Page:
Susan Broomhall is Professor of Early Modern Studies at the Australian Catholic University, where she is the Director of the Gender and Women’s History Research Centre. 

A poster can be found here.

Wednesday 6 March

6.30 pm, Arts Lecture Room 4, UWA

Annual General Meeting

followed at 7.00 by a presentation by Glenn McKnight and Louise Pitcher on their exciting research projects.

Glen McKnight: Recurrence and Revolution: Ancient Orphism in Early Modern Reception and Radical Politics

Ancient Orphism was a mystery religion worshipping Dionysos, the god of liberation, and Persephone, Queen of the Dead. Allegoresis was significant in the religious practice of the Orphics, and Glen’s study maintains a similar focus on poetry in its psychosocial function. A tradition of reception exists between esoteric philosophy and many poets now considered canonical, often representing a challenge to contemporary orthodoxy that ranges from ironically subversive to outright rebellious. This presentation is an overview of Orphic reception found in Chaucer, Shakespeare, Milton, Shelley, and others, exploring Orphic figures in relation to a pronounced and deliberate instability: a coincidentia oppositorum found in androgyny, sexual and social radicalism, pantheistic mysticism, vegetarianism, and death as a metaphor of transformative rebirth.

Glen McKnight is undertaking a PhD in Classics Reception at the University of Western Australia and is the incumbent president of PMRG. He has presented on Orphism and the Orphic mysteries internationally and currently tutors in mythology at UWA. In his spare time he mopes about and writes depressing poetry.

Louise Pitcher: Contextualising the Chemise à la Reine Gown

The chemise à la reine was a controversial style of dress in the late eighteenth century. The lightweight cotton gown was made famous for scandalising the French public when it was worn by Marie Antoinette in her 1783 portrait La reine en gaulle by Élisabeth Vigée Le Brun, resulting in the painting being removed less than a week after being displayed. The dress is permanently entwined with colonialism, described in Marie Antoinette’s own diaries as a ‘robe à la Créole’, and inspired by the white muslin gowns of colonial women. This talk will cover Louise Pitcher’s work in progress contextualising this dress within colonialism, French fashion, and the work of modern material historians.

Louise Pitcher is a postgraduate student commencing her PhD in Media and Cultural Studies at Curtin University, interested in historical costuming for the stage and screen, representations of monstrous women, and genre films.

You can download a poster here.

Thursday 21 March

6.30 pm, Arts Lecture Room 4, UWA

Associate Professor Hiroki Okamoto will present a talk on Medievalism and Arthurian Legend in Japan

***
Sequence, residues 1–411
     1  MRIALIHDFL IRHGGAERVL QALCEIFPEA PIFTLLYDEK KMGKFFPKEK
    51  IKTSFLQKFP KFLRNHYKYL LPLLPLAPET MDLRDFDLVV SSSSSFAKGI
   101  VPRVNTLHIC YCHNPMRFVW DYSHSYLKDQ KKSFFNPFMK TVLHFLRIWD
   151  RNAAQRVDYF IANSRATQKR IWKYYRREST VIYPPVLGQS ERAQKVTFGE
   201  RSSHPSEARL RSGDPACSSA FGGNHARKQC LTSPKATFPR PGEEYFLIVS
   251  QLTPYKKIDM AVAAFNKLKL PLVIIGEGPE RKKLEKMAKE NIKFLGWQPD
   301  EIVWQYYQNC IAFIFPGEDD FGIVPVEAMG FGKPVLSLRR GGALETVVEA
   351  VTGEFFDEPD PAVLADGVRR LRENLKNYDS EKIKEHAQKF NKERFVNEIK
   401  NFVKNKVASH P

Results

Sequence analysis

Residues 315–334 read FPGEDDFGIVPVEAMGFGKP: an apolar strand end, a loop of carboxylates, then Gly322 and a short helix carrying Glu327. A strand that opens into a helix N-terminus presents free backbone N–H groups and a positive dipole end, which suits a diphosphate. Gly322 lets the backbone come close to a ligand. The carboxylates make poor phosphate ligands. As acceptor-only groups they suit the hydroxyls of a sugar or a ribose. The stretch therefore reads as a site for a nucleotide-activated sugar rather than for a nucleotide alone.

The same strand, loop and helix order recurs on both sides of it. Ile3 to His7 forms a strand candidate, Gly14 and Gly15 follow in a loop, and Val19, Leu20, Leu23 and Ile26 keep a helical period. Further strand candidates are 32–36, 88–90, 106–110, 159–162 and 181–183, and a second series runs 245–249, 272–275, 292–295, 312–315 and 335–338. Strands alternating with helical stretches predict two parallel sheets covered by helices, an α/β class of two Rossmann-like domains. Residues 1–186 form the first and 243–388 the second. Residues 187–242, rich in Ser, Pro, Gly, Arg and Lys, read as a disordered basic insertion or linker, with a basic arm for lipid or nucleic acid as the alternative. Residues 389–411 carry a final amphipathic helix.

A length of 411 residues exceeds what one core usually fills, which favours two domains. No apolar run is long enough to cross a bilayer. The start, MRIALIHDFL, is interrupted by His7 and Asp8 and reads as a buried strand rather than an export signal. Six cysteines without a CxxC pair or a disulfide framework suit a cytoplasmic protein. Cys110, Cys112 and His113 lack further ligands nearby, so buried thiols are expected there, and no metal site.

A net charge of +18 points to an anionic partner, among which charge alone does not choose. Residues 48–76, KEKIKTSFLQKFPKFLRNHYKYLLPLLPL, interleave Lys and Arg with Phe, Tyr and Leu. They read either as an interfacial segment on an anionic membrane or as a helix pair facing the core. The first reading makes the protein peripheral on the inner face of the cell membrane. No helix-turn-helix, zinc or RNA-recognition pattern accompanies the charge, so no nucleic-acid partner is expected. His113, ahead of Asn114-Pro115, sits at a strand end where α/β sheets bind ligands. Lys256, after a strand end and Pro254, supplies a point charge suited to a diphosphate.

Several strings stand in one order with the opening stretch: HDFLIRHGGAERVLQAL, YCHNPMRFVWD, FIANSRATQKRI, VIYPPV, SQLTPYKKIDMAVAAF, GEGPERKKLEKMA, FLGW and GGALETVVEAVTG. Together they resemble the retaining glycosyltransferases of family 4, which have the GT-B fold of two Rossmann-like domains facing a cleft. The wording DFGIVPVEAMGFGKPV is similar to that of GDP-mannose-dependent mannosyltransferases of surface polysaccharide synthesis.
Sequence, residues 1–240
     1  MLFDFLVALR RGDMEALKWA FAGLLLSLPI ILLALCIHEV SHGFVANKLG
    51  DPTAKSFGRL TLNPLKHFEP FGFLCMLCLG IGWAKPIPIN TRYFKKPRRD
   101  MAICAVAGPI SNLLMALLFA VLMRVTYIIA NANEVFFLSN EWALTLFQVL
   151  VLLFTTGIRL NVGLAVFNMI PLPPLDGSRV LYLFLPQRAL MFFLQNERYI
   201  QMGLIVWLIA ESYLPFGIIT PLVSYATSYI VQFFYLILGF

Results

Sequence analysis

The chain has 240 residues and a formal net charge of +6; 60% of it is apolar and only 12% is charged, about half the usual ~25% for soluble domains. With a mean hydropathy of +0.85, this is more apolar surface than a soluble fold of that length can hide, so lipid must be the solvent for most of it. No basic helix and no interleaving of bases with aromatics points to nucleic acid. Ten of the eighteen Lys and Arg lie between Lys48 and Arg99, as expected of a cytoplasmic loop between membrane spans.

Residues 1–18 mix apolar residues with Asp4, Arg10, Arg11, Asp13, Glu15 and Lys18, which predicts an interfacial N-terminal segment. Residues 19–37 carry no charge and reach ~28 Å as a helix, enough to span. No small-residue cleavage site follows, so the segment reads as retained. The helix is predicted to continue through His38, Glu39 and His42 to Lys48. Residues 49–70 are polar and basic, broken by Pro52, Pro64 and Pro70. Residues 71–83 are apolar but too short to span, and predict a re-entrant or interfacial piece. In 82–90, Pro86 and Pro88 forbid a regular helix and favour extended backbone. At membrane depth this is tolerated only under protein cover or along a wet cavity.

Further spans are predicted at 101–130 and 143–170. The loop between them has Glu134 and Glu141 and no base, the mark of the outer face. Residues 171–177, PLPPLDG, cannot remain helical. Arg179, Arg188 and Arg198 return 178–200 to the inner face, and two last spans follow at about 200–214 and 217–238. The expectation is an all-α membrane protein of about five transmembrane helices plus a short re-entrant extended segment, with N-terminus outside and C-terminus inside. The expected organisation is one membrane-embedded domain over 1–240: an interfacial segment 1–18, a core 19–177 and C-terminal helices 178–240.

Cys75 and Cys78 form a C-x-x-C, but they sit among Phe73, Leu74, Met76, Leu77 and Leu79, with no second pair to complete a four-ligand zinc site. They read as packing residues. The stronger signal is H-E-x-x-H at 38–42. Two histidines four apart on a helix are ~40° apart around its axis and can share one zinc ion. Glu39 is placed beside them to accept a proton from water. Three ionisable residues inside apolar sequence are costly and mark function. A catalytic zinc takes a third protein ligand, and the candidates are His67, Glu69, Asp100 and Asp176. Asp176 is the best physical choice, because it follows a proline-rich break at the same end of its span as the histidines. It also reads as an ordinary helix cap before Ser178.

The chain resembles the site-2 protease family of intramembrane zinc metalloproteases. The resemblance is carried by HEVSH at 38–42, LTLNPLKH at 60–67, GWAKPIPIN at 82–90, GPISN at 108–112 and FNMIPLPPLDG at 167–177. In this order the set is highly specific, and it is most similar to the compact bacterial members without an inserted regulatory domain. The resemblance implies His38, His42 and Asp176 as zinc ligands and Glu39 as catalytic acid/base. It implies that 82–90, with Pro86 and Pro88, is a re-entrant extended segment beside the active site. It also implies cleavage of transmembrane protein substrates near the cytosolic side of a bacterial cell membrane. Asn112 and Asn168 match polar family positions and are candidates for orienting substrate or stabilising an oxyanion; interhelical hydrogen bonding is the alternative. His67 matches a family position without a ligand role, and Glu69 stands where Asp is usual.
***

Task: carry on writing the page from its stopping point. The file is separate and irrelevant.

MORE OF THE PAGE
In Japan, there is widespread interest in Western medievalism, which serves as a significant source of inspiration for mangas, animes, and video games. Among the various medieval materials, the Arthurian legend has garnered substantial attention. While the Fate series (a visual novel developed by Type-Moon) can be viewed as a culmination of today’s Japanese Arthuriana, this is not an isolated and momentary phenomenon, but rather can be seen as a result of the constant exposure to and growing diffusion of these medieval stories through a variety of forms such as translations, adaptations, guidebooks, and scholarly publishing. As in the West, modern Arthuriana in Japan has been spread through the reading of Thomas Malory’s Le Morte Darthur and its various adaptations. While acknowledging their robust influence, this paper addresses the reception of related stories not featured in Malory’s Morte, particularly the episodes of the adventures of Sir Gawain. The paper explores the growing expansion and changing focus of the legend, discussing the rise of Gawain’s fame as a token of diverse medievalism.

Hiroki Okamoto is an Associate Professor at Ritsumeikan University, Kyoto, and has published on Arthuriana.

You can download a poster here.

Friday 5 April

9.15am3.00pm, Arts Seminar Room G01, UWA

Humanities Research Skills Masterclass with Dr Victoria Bladen (University of Queensland) 

This free in-person all-day event is open to all undergraduate and postgraduate humanities students at any university. It aims to address the skills needed by second- and third-year undergraduates and Honours students to undertake major research projects and to navigate the Masters/PhD path. The focus is primarily on literary studies, Classics, and history, and all humanities students are welcome. There is no need to be undertaking medieval or Renaissance studies.